Davis, Dolphin Alston
28 July 1802–14 Dec. 1881
Dolphin Alston Davis, banker, educator, and local official, was born at Cool Spring Inn, Fayetteville, of English and Scottish ancestry. His father was Dolphin Davis (1759–1818), a native of Halifax County, Va., who moved to Cumberland County before 1784. In 1789 he opened a tavern called Cool Spring Inn. A soldier of the American Revolution, he had taken part in the Battle of Kings Mountain. His mother was Ann Stevenson, a daughter of one of the Scottish emigrants who went to the Cape Fear valley shortly after the Battle of Culloden in 1746. Both parents were devout people and his father was long a ruling elder of the Presbyterian church.
When his father died in 1818, Davis was hired as a clerk in the Fayetteville branch of the Bank of the United States. Although his advantages in education were limited, he had enjoyed a period of instruction in the Fayetteville Male Academy under the Reverend James L. Turner and the Reverend Colin McIver. The excellence of his style as seen in his letters and business papers shows that he made good use of his time while in school. After working seven years in the bank, he purchased a farm near Fayetteville and spent twelve years in agricultural pursuits. In 1837, he moved with his wife and two children to Salisbury to be cashier of the Salisbury branch of the Bank of Cape Fear, a position he held until after the Civil War. For several years before his removal to Salisbury he had been magistrate and financial agent of Cumberland County. He was chosen for the same position in Rowan County. His ability, accuracy, and fidelity soon won the confidence of his fellow citizens.
A year after his arrival in Salisbury, Davis was named a director of the Salisbury Female Academy and was on the building committee that in 1839 erected the school behind the Presbyterian church that came to be known as the Wren Building. In 1839 he was named a director of the Salisbury Cotton Factory that later served as a Confederate prison. Also in 1839 he was elected president of the Temperance Convention that met in the Methodist church to form a temperance society in Salisbury. He was a stockholder in the Salisbury and Taylorsville Plank Road Company, a director of the North Carolina Railroad, chairman of the Special Court, and a warden of the poor. A friend and promoter of schools and higher education, he was a founder and trustee of the Salisbury Female Seminary in 1855 and served as chairman of the board of superintendents for the Rowan County common schools from 1854 to 1866. He was also a trustee of Davidson College, from which all four of his sons were graduated.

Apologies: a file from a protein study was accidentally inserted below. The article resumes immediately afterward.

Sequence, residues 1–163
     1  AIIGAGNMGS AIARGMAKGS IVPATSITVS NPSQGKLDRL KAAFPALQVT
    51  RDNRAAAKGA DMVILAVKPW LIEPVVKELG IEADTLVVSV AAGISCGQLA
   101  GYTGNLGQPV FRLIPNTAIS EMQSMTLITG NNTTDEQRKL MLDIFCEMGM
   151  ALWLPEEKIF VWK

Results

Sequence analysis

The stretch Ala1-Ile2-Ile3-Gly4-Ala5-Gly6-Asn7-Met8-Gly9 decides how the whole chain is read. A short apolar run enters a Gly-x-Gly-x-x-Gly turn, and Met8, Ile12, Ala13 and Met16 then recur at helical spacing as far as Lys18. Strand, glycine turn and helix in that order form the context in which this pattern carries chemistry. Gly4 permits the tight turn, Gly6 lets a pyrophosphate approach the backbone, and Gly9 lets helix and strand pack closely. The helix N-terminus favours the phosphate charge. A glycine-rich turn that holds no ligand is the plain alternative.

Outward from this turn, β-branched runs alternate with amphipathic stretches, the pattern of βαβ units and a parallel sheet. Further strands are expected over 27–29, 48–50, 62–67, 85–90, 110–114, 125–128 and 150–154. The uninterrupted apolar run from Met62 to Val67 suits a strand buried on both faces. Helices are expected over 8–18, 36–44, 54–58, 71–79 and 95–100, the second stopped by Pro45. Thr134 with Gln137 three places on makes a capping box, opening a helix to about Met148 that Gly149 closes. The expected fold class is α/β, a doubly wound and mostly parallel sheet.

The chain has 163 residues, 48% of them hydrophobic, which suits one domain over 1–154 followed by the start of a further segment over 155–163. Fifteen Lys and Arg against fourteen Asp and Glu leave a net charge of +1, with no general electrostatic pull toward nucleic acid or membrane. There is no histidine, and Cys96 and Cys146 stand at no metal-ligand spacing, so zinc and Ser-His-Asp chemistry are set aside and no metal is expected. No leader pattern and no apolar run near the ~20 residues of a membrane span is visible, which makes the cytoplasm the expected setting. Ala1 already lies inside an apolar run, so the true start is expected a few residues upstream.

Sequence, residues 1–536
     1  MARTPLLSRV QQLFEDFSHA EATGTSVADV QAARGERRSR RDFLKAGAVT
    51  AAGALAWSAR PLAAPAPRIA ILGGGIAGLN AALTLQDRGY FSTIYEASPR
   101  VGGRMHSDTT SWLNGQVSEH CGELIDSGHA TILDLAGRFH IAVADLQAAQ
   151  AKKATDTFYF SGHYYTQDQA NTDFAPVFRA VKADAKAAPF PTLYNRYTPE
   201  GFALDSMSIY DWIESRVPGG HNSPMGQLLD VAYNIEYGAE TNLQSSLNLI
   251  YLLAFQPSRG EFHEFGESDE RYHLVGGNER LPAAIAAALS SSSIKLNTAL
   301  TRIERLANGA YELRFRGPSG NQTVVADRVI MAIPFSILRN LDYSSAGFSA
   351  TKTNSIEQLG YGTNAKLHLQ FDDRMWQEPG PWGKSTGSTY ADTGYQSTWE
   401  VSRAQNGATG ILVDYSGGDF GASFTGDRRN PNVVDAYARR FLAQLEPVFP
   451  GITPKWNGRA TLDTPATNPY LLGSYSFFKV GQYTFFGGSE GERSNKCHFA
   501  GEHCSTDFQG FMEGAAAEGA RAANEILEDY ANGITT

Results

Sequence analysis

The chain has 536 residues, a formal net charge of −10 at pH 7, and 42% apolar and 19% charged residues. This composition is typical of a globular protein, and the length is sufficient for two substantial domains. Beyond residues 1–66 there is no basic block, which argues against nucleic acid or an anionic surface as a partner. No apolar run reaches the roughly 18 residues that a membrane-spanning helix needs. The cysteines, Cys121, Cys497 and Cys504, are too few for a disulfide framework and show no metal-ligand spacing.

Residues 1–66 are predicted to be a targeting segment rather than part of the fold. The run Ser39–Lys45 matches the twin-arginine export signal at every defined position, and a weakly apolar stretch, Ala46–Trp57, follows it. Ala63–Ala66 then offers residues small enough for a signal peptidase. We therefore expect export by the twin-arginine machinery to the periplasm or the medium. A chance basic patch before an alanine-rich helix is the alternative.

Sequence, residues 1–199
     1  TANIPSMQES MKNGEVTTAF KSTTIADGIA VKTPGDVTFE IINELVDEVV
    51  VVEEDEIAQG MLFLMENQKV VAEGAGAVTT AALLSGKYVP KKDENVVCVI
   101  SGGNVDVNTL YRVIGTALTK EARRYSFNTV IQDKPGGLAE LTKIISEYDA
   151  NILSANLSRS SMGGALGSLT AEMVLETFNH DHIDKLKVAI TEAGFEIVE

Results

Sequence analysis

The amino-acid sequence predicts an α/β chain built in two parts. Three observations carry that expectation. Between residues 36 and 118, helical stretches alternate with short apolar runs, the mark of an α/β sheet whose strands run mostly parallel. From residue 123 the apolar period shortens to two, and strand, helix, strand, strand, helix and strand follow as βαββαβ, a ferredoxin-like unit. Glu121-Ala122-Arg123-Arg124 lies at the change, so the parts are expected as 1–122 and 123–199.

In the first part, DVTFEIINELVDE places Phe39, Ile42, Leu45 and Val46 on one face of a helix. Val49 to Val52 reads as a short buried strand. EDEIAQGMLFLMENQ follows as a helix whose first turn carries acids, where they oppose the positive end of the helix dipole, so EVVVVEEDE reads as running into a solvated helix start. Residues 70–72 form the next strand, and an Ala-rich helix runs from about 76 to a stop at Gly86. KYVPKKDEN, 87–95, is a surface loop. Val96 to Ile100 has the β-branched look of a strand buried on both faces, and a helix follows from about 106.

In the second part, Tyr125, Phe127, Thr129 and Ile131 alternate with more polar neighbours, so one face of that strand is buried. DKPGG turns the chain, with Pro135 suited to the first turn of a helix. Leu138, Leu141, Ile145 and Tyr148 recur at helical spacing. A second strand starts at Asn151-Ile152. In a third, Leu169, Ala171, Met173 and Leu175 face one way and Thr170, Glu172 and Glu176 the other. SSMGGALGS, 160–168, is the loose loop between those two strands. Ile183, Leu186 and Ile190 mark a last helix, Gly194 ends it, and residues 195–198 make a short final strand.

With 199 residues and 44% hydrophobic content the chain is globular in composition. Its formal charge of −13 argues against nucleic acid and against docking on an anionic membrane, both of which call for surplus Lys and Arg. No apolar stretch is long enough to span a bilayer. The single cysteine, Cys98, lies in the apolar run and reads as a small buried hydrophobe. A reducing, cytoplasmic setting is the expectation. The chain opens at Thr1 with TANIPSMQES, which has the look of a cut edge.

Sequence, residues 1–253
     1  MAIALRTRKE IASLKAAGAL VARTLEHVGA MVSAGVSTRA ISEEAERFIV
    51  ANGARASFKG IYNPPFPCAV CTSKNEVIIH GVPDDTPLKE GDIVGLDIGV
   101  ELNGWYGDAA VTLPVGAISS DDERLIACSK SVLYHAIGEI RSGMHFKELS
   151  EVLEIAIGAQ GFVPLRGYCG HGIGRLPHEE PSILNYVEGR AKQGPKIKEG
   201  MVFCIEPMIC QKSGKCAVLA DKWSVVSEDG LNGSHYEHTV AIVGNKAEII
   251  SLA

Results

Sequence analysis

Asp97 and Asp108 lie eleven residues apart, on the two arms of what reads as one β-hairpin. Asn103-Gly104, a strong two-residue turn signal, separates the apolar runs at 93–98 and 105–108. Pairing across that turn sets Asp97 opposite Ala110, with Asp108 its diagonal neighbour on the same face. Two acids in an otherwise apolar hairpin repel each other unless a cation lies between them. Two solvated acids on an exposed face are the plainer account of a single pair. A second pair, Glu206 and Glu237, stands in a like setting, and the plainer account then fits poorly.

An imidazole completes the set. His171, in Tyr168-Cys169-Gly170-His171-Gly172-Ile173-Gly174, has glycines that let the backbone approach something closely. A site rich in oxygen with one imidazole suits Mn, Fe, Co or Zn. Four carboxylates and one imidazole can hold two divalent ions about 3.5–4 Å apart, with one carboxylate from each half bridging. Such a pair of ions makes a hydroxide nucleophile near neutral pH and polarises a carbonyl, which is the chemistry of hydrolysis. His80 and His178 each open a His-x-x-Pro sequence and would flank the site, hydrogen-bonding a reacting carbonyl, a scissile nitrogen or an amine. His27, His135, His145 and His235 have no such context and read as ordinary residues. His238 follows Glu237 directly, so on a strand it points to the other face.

For a man who was three times elected mayor of Salisbury (1849, 1855, 1856) and twice was chairman of the county commissioners (1868, 1869), it seems unusual that Davis had no broad political ambition nor did he enter into the hustings to any marked degree. It was because of his great financial acumen and innate honesty that he was chosen to lead the city and county government. Because of his prudence the finances of Rowan County were in good condition, and during his time in office Rowan and Salisbury were free of debt. He was considered a model businessman, and his religious, moral, and social character marked him as a leader. He was elected an elder in the First Presbyterian Church in 1839 and served in that office for forty-two years. He represented his church in the presbytery, the synod, and the general assembly. He was clerk and treasurer of the session, and for thirty years, as a trustee, he served on the executive and financial committees of Davidson College.
After the Bank of Cape Fear closed, Davis opened a private banking house, which he operated successfully until his death. Afterward his son, O. D. Davis, formed a partnership with Samuel H. Wiley; they operated the only bank in Salisbury until it was sold to the Atlantic Bank and Trust Company of Greensboro in 1926. Davis was buried in the old English Cemetery, Salisbury.
By his several marriages Davis had nine sons, two of whom became Presbyterian ministers and another a ruling elder.
Carolina Watchman, 2 Sept. 1837, 10 Feb. 1838, 25 Apr., 15 Nov. 1839, 8 Feb. 1849, 7 Jan., 21 Feb. 1850, 1 Feb. 1855, 29 Jan. 1856, 15, 22 Dec. 1881, 13 Aug. 1885.
D. A. Davis Papers (Southern Historical Collection, University of North Carolina, Chapel Hill).
Dolphin Davis, "Memorandum of My Childrens' Ages" (MS in the author's possession).
Salisbury Old North State Tri-Weekly, 25 July 1868.
Anna Morrison Wilson, "Genealogy" (typescript in Rowan Public Library, Salisbury, N.C.).
"Biographical Sketch of D. A. Davis." The Carolina Watchman. December 22, 1881. 2. http://digital.ncdcr.gov/cdm/ref/collection/p15016coll1/id/11450 (accessed January 24, 2014).
Orin Datus Davis Papers, 1812-1915 (collection no. 00208). The Southern Historical Collection. Louis Round Wilson Special Collections Library. University of North Carolina at Chapel Hill. http://www2.lib.unc.edu/mss/inv/d/Davis,Orin_Datus.html (accessed January 24, 2014).
Historic American Buildings Survey. "Old Davis Inn MacKethan House." Documentation compiled after 1933. HABS NC,26-FAYVI,4-. Prints and Photographs Division, Library of Congress. http://www.loc.gov/pictures/item/nc0178/ (accessed January 24, 2014).
Biggs. Archie A. "1. Historic American Buildings Survey, Archie A. Biggs, Photographer June 21, 1937 FRONT VIEW. - Cool Spring Inn, Cool Spring Street, Fayetteville, Cumberland County, NC". Photograph. HABS NC,26-FAYVI,4--1. Prints and Photographs Division, Library of Congress. http://www.loc.gov/pictures/item/nc0178.photos.101874p/ (accessed January 24, 2014).
1 January 1986 | Brawley, James S.